Testing Methodology

Although the testing of a cooler appears to be a simple task, that could not be much further from the truth. Proper thermal testing cannot be performed with a cooler mounted on a single chip, for multiple reasons. Some of these reasons include the instability of the thermal load and the inability to fully control and or monitor it, as well as the inaccuracy of the chip-integrated sensors. It is also impossible to compare results taken on different chips, let alone entirely different systems, which is a great problem when testing computer coolers, as the hardware changes every several months. Finally, testing a cooler on a typical system prevents the tester from assessing the most vital characteristic of a cooler, its absolute thermal resistance.

The absolute thermal resistance defines the absolute performance of a heatsink by indicating the temperature rise per unit of power, in our case in degrees Celsius per Watt (°C/W). In layman's terms, if the thermal resistance of a heatsink is known, the user can assess the highest possible temperature rise of a chip over ambient by simply multiplying the maximum thermal design power (TDP) rating of the chip with it. Extracting the absolute thermal resistance of a cooler however is no simple task, as the load has to be perfectly even, steady and variable, as the thermal resistance also varies depending on the magnitude of the thermal load. Therefore, even if it would be possible to assess the thermal resistance of a cooler while it is mounted on a working chip, it would not suffice, as a large change of the thermal load can yield much different results.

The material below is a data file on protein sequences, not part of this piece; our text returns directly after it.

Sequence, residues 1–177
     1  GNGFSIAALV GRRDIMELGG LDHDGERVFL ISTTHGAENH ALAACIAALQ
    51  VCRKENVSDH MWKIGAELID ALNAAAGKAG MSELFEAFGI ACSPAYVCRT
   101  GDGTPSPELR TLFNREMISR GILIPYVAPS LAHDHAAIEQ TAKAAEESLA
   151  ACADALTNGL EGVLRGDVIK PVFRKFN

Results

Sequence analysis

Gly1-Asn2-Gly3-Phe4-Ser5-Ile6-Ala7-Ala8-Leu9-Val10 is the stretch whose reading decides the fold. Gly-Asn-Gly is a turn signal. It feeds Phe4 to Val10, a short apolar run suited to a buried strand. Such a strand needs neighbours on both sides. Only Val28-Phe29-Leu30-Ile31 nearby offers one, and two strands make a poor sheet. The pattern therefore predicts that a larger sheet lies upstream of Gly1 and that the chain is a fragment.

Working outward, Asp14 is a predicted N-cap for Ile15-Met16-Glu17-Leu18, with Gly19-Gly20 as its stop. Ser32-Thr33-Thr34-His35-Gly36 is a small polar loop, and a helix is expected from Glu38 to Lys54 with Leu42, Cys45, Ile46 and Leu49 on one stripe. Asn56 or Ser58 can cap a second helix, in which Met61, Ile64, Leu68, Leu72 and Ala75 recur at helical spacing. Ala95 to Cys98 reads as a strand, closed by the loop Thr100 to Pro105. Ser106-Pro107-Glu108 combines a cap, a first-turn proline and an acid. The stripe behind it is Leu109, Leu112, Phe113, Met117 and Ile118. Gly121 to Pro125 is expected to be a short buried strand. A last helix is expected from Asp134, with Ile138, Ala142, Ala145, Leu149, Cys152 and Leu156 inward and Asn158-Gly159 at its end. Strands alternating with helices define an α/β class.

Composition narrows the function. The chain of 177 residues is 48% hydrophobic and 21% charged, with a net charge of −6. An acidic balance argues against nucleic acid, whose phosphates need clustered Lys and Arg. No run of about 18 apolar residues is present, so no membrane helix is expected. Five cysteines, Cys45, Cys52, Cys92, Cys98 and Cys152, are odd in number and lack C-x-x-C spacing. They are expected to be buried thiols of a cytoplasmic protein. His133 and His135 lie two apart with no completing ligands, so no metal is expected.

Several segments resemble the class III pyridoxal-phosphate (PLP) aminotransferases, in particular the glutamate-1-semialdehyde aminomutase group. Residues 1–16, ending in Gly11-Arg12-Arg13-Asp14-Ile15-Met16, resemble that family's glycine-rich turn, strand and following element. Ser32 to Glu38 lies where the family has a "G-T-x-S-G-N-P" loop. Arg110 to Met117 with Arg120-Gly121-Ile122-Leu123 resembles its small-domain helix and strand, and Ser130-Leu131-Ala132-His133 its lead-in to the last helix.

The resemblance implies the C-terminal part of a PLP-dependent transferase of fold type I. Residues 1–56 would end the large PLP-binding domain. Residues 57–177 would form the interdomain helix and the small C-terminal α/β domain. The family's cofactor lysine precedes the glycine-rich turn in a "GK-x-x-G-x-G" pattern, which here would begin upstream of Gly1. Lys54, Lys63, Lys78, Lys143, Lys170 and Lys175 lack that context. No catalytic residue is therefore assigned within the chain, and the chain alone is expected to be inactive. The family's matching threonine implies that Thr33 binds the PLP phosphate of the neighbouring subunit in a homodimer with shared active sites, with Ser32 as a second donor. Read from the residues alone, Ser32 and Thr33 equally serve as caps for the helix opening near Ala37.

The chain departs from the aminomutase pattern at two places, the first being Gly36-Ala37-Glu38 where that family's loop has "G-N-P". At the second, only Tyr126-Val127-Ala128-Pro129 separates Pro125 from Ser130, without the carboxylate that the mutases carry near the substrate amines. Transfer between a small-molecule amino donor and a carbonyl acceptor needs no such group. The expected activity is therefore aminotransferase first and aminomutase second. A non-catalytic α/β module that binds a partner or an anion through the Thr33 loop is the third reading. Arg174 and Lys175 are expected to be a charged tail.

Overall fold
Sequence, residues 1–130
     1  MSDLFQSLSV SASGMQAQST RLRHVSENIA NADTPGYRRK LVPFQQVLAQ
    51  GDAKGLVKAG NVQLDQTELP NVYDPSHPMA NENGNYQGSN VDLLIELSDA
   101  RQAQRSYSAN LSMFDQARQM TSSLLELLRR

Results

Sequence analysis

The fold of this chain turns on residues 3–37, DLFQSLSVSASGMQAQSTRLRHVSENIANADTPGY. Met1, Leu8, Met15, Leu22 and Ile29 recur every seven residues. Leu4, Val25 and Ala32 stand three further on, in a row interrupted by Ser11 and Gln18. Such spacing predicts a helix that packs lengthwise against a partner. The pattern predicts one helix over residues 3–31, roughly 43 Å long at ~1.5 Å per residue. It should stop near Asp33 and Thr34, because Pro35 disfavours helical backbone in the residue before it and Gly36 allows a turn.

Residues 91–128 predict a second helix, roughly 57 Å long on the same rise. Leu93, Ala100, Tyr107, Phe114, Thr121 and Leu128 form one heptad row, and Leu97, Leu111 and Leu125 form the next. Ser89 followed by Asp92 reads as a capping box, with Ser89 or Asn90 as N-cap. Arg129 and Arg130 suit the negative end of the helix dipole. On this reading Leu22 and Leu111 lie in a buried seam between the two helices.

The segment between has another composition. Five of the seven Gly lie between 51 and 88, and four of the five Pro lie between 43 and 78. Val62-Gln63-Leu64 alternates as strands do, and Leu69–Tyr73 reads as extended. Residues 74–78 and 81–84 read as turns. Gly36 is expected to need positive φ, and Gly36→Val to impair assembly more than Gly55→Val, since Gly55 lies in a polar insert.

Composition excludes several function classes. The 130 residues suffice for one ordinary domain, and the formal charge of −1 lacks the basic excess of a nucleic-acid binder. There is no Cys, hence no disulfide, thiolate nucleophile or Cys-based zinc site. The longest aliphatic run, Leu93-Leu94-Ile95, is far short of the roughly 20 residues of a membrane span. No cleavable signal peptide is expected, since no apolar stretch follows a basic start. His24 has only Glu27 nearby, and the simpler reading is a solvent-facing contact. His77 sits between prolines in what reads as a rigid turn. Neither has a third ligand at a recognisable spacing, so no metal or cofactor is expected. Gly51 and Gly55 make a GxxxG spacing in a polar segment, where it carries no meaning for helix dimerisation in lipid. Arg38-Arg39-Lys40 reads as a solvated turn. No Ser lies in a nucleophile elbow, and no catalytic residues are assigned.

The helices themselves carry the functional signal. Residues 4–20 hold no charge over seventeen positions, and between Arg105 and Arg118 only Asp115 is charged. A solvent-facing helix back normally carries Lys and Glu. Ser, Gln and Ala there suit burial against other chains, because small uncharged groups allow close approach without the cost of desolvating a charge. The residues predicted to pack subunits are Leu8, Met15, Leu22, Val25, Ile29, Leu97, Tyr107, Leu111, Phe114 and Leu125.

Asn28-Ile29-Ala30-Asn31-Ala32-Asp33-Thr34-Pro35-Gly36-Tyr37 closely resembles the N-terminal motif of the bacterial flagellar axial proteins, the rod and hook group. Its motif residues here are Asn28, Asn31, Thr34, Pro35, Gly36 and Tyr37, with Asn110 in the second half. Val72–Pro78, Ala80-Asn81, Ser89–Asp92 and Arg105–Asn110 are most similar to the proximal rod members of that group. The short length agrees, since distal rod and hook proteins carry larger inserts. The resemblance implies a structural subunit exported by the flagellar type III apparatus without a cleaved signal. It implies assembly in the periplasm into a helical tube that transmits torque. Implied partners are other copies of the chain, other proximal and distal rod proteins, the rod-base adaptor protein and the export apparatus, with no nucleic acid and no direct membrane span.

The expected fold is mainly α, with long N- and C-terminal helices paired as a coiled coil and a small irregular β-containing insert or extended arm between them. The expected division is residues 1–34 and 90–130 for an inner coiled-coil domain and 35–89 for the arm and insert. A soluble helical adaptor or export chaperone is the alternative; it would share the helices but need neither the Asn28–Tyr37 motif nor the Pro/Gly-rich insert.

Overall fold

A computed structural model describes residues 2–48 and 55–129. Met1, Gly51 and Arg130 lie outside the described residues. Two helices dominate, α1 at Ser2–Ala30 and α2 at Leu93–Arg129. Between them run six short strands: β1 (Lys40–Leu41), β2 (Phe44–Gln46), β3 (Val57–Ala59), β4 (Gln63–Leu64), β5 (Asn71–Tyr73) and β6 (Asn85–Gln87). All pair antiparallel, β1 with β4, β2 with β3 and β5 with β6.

Appropriate thermal testing requires the creation of a proper testing station and the use of laboratory-grade equipment. Therefore, we created a thermal testing platform with a fully controllable thermal energy source that may be used to test any kind of cooler, regardless of its design and or compatibility. The thermal cartridge inside the core of our testing station can have its power adjusted between 60 W and 340 W, in 2 W increments (and it never throttles). Furthermore, monitoring and logging of the testing process via software minimizes the possibility of human errors during testing. A multifunction data acquisition module (DAQ) is responsible for the automatic or the manual control of the testing equipment, the acquisition of the ambient and the in-core temperatures via PT100 sensors, the logging of the test results and the mathematical extraction of performance figures.

Finally, as noise measurements are a bit tricky, their measurement is being performed manually. Fans can have significant variations in speed from their rated values, thus their actual speed during the thermal testing is being recorded via a laser tachometer. The fans (and pumps, when applicable) are being powered via an adjustable, fanless desktop DC power supply and noise measurements are being taken 1 meter away from the cooler, in a straight line ahead from its fan engine. At this point we should also note that the Decibel scale is logarithmic, which means that roughly every 3 dB(A) the sound pressure doubles. Therefore, the difference of sound pressure between 30 dB(A) and 60 dB(A) is not "twice as much" but nearly a thousand times greater. The table below should help you cross-reference our test results with real-life situations.

The noise floor of our recording equipment is 30.2-30.4 dB(A), which represents a medium-sized room without any active noise sources. All of our acoustic testing takes place during night hours, minimizing the possibility of external disruptions.

<35dB(A) Virtually inaudible
35-38dB(A) Very quiet (whisper-slight humming)
38-40dB(A) Quiet (relatively comfortable - humming)
40-44dB(A) Normal (humming noise, above comfortable for a large % of users)
44-47dB(A)* Loud* (strong aerodynamic noise)
47-50dB(A) Very loud (strong whining noise)
50-54dB(A) Extremely loud (painfully distracting for the vast majority of users)
>54dB(A) Intolerable for home/office use, special applications only.